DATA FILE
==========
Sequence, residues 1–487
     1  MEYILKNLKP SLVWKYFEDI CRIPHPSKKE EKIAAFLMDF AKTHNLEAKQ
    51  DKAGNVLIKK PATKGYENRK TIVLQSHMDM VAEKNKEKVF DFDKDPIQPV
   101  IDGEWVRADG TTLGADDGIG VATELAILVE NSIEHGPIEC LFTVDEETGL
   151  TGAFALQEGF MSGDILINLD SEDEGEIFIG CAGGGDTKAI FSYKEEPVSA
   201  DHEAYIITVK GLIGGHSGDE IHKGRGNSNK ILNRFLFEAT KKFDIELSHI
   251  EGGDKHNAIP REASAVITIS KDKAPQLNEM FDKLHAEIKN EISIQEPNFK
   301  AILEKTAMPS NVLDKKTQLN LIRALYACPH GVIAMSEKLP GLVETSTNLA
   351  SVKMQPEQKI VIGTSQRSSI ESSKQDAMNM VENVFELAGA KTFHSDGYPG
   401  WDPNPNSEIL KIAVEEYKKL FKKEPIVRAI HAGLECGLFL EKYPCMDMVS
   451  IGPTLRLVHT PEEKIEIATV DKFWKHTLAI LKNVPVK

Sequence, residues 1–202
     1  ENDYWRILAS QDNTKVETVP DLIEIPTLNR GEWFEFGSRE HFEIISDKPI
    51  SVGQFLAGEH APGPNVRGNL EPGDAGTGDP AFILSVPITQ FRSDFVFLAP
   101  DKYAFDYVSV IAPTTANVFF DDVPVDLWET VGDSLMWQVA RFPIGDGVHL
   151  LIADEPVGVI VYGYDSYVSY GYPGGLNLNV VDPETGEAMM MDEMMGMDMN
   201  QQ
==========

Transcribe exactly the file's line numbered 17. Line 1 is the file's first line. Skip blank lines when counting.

   201  QQ